Can we really expect miracles?
The entrepreneur-turned-politician Ahn Cheol-soo is scrambling to create a new political party and I have heard the gossip about which politicians may, or may not, join him in this venture.
But although some friends have voiced their hopes that a new party will breathe life into the stagnant political discourse of Yeouido, most assume that other than a few ritualistic changes, and yet another name change, politics will continue pretty much as usual. Political parties will remain as relevant to ordinary citizens as the fantastic cloud formations that pass by in the sky.
Interestingly a similar struggle is taking place simultaneously in the United States in the Democratic Party. In that case, although presidential candidate Bernie Sanders does not want a new party, he wants to take control away from Clinton loyalists and create a party that is not as close to corporate interests. His supporters are waging a silent war with Debbie Wasserman Schultz, the head of the Democratic National committee who ran Hillary Clinton’s 2008 campaign and is accused of bias in favor of Hillary. Supporters of Ahn and Sanders hope that somehow they can wrestle politicians away from cozy relations with business and media and make them focus on the needs of ordinary citizens.
But the problem is not ultimately one of politicians, rather it is one of the flawed assumptions that underlie politics. As the old saying goes, “Voters do not want leaders; they want miracle workers.” Few citizens are actively engaged in politics; they vote to select someone who will solve problems without the citizen having to play a role in the process.
The political scientist Theda Skocpol locates the demise of democracy in modern society in her book “Diminished Democracy: From Membership to Management in American Civic Life.” She suggests that whereas many citizens 40 years ago were members of organizations like the Veterans of Foreign Wars, the Masons, the Lion’s club, etc., that had their own forms of democratic practice such as elections and committees and also included members from both the establishment and the working class, today few people are participate in these forms of governance. Increasingly we are alone in modern society and are not active in the democratic processes in our own lives.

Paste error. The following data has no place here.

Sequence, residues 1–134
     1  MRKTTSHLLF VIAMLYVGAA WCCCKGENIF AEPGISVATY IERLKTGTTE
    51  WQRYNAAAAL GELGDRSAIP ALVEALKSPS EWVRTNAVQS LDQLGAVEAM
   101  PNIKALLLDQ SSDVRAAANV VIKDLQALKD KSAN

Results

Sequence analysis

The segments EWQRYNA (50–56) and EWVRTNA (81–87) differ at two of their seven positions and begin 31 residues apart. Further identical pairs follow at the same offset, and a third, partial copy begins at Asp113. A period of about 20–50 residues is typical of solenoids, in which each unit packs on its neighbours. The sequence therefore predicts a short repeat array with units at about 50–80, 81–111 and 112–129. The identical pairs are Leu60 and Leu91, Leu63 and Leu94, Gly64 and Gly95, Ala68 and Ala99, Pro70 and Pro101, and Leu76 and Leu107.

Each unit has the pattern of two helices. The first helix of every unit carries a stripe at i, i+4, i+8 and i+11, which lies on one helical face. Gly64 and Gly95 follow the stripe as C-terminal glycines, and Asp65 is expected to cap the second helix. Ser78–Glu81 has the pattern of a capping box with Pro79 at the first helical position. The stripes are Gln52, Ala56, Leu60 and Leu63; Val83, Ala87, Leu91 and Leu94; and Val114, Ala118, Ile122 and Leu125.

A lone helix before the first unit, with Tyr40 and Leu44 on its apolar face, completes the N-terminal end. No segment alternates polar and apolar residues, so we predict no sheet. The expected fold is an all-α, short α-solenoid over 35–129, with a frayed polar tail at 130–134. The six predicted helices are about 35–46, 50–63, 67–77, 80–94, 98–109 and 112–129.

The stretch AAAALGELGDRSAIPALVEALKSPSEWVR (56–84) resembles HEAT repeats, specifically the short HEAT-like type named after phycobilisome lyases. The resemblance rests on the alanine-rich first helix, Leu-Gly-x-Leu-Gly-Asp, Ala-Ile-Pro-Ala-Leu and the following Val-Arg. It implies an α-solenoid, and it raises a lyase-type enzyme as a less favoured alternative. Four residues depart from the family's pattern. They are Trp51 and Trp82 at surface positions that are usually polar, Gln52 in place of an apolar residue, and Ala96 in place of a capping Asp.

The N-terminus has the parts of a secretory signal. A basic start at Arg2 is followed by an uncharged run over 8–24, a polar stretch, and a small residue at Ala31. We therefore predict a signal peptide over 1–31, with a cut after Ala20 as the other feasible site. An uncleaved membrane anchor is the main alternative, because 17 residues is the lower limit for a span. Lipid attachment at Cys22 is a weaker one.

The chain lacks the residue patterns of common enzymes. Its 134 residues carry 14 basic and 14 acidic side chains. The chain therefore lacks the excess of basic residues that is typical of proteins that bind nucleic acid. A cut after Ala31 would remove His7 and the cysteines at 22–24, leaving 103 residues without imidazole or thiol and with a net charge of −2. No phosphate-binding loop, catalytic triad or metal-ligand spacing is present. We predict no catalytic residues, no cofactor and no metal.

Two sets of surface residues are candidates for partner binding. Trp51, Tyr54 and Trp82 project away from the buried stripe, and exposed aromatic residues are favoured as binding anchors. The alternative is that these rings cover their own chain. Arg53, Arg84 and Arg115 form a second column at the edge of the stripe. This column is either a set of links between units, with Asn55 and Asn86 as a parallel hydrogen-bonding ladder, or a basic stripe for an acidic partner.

I can see the current state of democracy in Korea just by looking at the apartment building where I live. Probably 20 or so families live together and share the same hallways and driveway. But we do not know the names of but a few residents. There has never been any meeting of the residents of our apartment either to socialize, or to discuss what we can do together to improve our facilities. There is no community or civic discourse about our interests. If we have no form of democratic process at the ground level, can we expect to have it at the highest levels?
If we assume that somehow “democracy” is created when we vote, we are entirely missing the point. Political parties evolve in response to the political culture at the lowest level. If local community decisions do not reflect the input from the inhabitants, if those living in a community do not feel any obligation to be involved in community service, or to work with their neighbors, can we really expect that political parties will make up for what citizens do not do?
Ironically, traditional Korea, which we assume was less democratic, offered many more opportunities for neighbors to meet up and exchange their opinions on current issues. If we want to build a democracy in the future that is truly responsive to citizens, the traditional village culture of Korea can be quite helpful. Let us start at the local level, in our daily lives, to create the institutions of participatory democracy.
*The author is an associate professor at the College of International Studies, Kyung Hee University.
by Emanuel Pastreich